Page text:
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Director: Steven Spielberg

Screenplay: Liz Hannah and Josh Singer

Starring: Meryl Streep, Tom Hanks, Bob Odenkirk, Sarah Paulson, Tracy Letts, Bradley Whitford, Bruce Greenwood, Alison Brie

Rated PG-13 for language and brief war violence.

Running Time: 1 hour 56 minutes

***1/2 out of *****


Photo: 20th Century Fox

Kay Graham (Meryl Streep) and Ben Bradlee (Tom Hanks) are forced to make some difficult decisions in Steven Spielberg's THE POST.


The First Amendment of the Constitution of the United States states the following:

"Congress shall make no law respecting an establishment of religion, or prohibiting the free exercise thereof; or abridging the freedom of speech, or of the press; or the right of the people peaceably to assemble, and to petition the Government for a redress of grievances."

Over the centuries there have been a number of landmark cases regarding the freedom of the press. Malice, libel and censorship were just some of the issues at the center of these, sometimes landmark, cases. It's a hot button issue that isn't lost on Hollywood as a number of films have been made about the First Amendment; freedom of the press, in particular. Notable films such as ALL THE PRESIDENT'S MEN, GOOD NIGHT AND GOOD LUCK and PEOPLE VS. LARRY FLYNT set their sites on the First Amendment issue by dramatizing the actual events and cases depicted. Steven Spielberg's THE POST joins these aforementioned films in this political drama based upon The Washington Post and their battle with the United States government over their intention to publish sensitive documents about the Vietnam War.

Upon its release THE POST arrived in the midst of a real-life ongoing battle between a presidential administration and the press. The irony, timeliness and topicality of the subject matter certainly isn't lost but reality would seem to have stolen some of the film's thunder. The films previously mentioned all had an energy and vitality which rendered them utterly captivating. Even though they were based on actual events and their outcomes well known the films were still riveting from start to finish. THE POST is not focused upon the First Amendment issue or the fact that a woman was in charge of one of the most recognized publications in the country. Its primary focus is on how they obtained possession of the documents and what went into the decision making to publish or not. At its core it's a pretty straightforward journalistic procedural covering some volatile history in a rather matter-of-fact fashion.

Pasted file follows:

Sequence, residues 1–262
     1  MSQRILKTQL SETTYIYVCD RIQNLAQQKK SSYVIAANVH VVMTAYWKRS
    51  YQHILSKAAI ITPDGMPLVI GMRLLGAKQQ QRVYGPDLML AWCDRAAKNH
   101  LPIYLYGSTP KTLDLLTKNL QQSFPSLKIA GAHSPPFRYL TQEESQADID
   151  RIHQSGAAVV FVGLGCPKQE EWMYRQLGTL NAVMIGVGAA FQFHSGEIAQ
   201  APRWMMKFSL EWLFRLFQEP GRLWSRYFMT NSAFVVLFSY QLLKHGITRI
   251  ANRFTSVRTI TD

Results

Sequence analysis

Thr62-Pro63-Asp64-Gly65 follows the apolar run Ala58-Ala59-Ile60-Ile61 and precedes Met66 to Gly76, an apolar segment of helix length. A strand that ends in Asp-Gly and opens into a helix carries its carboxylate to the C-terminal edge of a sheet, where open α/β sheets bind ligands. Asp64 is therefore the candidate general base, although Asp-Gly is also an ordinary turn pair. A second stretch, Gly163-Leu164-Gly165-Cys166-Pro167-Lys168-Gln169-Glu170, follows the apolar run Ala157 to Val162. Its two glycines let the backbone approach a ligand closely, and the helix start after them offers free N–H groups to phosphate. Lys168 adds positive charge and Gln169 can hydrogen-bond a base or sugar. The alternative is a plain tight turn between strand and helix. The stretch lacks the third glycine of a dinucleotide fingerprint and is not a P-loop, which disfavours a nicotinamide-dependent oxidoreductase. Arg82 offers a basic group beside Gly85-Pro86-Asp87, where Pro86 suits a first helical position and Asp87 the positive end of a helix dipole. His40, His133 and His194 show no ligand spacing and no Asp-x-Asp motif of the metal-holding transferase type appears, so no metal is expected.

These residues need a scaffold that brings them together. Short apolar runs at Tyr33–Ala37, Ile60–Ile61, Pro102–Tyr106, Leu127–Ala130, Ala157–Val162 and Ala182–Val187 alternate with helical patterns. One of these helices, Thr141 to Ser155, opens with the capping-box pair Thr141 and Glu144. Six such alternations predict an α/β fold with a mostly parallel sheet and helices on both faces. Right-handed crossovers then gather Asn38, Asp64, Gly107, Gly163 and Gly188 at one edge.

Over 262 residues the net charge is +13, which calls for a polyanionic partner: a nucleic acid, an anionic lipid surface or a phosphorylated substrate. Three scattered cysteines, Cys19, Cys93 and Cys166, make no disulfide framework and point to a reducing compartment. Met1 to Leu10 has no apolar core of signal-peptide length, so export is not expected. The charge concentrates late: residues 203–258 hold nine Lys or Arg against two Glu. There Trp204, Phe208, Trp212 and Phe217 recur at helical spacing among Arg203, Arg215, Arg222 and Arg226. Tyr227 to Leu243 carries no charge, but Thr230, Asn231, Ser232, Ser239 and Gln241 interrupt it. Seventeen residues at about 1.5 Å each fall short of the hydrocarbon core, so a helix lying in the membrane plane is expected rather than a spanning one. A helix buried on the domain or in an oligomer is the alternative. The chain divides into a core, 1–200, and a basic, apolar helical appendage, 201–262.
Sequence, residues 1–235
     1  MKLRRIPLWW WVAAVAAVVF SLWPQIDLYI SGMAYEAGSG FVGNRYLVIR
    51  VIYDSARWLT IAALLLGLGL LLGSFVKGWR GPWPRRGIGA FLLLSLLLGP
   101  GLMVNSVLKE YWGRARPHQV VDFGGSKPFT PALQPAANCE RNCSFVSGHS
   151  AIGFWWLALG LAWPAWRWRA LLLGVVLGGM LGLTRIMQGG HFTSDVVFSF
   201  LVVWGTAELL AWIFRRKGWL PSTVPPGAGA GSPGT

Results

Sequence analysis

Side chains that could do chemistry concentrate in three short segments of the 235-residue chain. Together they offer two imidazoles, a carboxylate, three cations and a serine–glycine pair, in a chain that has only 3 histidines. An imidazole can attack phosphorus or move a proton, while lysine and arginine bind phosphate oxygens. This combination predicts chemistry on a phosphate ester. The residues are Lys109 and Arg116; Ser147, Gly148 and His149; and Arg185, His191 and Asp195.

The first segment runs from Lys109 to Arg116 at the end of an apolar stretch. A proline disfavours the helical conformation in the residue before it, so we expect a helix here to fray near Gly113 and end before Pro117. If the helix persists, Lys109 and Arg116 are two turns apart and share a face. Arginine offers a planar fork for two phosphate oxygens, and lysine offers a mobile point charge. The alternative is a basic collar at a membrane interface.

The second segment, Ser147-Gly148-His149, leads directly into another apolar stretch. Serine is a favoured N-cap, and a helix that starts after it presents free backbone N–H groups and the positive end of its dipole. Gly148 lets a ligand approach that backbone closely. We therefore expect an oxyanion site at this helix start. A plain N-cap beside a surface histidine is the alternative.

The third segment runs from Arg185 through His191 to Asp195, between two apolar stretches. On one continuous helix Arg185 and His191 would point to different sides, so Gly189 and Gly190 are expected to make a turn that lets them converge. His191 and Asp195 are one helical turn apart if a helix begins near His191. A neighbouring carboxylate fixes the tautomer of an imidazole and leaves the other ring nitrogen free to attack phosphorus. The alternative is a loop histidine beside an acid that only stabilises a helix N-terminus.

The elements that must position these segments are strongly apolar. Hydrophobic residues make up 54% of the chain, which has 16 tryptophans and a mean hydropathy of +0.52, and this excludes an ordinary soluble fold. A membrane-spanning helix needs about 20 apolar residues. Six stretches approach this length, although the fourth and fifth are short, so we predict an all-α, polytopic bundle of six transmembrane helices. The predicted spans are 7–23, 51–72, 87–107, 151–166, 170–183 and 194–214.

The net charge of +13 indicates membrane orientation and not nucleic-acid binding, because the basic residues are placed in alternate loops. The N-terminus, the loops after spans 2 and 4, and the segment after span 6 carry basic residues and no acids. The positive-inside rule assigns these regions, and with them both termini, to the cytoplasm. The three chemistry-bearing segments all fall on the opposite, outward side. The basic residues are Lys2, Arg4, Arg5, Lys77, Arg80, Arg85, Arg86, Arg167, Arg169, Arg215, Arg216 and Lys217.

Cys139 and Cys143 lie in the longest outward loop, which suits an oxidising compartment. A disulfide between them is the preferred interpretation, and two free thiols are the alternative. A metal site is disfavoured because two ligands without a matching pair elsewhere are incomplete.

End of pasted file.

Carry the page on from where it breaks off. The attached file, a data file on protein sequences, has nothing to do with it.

The film stars Meryl Streep and Tom Hanks. Streep is Kay Graham, publisher of The Washington Post, and Hanks is Ben Bradlee, executive editor at The Washington Post. The two veteran actors are the best part of the film as they effortless portray their characters with conviction, depth and intelligence. Streep is strong throughout but really doesn't shine until late in the film when Graham is put on the spot to make a decision. Hanks is not as flashy but he has his fair share of moments during the film where you see just what makes Bradlee tick. The film features a strong ensemble cast including Bob Odenkirk, Sarah Paulson, Tracy Letts, Bradley Whitford, Bruce Greenwood, Alison Brie and Michael Stuhlbarg.

The screenplay was written by Liz Hannah and Josh Singer; the latter won an Academy Award for his screenplay for SPOTLIGHT. SPOTLIGHT also chronicled real-life events but with the subject being investigative journalism there was an inherent level of intrigue as the journalists uncovered the story. Any intrigue or shock which this film may have been able to elicit was lost in reality because what is occurring on screen is pretty much what's happening now so there really aren't any significant surprises. Steven Spielberg reminds us that every film he directs doesn't need to be or look like a blockbuster. Aesthetically it is more akin to BRIDGE OF SPIES as opposed to a film like MUNICH. While both are very good and depict actual events, in Spielbergian terms, the former is rather light whereas the other is quite dour.

Spielberg's THE POST seems like it's the right film for the right time. It's a compelling drama about a moment in history which, to some degree, seems to be repeating itself. While the film recounts historical events it serves as a reminder to not forget the past and to learn from it as well. The filmmakers' intent was no doubt to tell an engrossing story about our country's history but ultimately, thanks to the times we live in, it now serves more as a relevant and topical commentary on the present but, thankfully, not in an overt preachy kind of way.


Rating Scale:

***** = Outstanding ****1/2 = Excellent **** = Very Good ***1/2 = Above Average

*** = Good **1/2 = Mediocre ** = Fair *1/2 = Poor * = Bad 1/2* = Abysmal

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